"There are two confronting Polands of roughly equal strength. One, including the PiS supporters, finds its base in eastern Poland among small, pious farmers and working-class families who have lost jobs and income through the change from a state economy to an often ruthless neoliberalism. The other Poland, usually better educated and better off, is desperate to preserve what it sees as the historic achievement of 1989: the first reasonably stable and prosperous liberal democracy in Polish history.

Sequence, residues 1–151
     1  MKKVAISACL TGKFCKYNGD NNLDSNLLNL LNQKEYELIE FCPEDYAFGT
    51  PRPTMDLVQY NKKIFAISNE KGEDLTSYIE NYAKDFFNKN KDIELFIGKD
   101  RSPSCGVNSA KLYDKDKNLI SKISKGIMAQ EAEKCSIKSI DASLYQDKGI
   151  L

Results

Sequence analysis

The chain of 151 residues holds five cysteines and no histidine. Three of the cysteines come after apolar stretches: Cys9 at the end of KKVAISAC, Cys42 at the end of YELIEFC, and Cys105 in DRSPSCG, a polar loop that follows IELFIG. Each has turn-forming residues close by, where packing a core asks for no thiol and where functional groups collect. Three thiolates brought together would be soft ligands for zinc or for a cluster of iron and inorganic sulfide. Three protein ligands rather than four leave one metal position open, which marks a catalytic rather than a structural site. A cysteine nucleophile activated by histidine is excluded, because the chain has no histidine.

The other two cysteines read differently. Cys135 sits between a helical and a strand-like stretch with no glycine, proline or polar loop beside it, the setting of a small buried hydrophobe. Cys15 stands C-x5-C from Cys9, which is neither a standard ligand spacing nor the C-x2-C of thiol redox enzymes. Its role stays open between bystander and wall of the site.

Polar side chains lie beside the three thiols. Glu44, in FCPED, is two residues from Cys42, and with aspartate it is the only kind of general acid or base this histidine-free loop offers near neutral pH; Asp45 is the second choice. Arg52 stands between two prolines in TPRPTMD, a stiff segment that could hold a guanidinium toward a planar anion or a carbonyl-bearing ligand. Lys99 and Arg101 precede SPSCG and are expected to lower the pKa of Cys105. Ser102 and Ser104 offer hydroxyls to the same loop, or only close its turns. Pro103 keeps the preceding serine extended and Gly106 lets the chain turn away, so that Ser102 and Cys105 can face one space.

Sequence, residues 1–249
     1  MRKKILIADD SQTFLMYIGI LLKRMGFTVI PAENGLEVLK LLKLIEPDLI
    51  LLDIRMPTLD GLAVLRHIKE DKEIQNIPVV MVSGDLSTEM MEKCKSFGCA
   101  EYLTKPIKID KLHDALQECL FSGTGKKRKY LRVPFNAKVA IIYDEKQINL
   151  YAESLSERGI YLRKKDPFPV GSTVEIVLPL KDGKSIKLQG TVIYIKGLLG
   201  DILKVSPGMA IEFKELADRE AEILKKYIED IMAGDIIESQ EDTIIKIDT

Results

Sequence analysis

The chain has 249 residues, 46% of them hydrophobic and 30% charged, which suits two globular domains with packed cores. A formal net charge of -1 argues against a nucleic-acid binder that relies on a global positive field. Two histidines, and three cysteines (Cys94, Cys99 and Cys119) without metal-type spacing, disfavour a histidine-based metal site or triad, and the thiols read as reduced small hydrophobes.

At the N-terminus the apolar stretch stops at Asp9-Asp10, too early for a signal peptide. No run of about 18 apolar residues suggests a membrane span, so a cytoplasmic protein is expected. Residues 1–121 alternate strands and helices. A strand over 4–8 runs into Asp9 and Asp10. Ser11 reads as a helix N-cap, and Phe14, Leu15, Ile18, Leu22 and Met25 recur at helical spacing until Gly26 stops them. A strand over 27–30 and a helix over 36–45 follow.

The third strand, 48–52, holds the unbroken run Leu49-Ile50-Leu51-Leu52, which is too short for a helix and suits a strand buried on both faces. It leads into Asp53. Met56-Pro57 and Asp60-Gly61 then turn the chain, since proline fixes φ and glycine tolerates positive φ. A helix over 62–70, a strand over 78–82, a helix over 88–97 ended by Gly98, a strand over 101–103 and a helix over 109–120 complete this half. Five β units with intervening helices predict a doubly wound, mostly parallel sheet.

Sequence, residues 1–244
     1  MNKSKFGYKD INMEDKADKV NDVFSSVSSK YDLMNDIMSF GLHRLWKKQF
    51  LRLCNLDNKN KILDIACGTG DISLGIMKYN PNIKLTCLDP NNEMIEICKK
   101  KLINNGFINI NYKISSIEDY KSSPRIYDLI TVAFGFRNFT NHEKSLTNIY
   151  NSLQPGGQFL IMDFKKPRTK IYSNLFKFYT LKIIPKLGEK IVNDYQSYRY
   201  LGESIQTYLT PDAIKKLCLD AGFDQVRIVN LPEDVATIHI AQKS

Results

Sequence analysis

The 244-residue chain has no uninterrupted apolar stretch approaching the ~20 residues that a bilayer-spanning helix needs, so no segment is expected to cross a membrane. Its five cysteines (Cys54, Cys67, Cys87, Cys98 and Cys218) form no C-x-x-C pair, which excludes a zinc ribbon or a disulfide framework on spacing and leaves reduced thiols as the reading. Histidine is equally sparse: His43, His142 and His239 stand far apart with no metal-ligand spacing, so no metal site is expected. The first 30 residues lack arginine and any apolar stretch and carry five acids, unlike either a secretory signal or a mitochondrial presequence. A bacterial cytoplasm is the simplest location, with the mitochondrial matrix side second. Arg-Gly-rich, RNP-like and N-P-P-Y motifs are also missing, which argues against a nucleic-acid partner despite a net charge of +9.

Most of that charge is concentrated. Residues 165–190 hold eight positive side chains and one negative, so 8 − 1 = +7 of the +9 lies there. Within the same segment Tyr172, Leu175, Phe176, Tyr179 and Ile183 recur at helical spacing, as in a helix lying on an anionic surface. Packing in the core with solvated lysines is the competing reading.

In western Europe, onlookers hear snatches of Law and Justice rhetoric and conclude that the party can be dismissed as “fascist”. It is not. It stands for an old-fashioned authoritarian nationalism, invoking traditional Catholic values (imprudently, some in the Catholic hierarchy lend PiS support). And, strangely for westerners, this frantically rightwing party is also the party of what remains of the welfare state, standing up for those millions for whom the transition to capitalism has brought only loss and bewilderment."
Neil Ascherson, the Guardian, 17 January 2016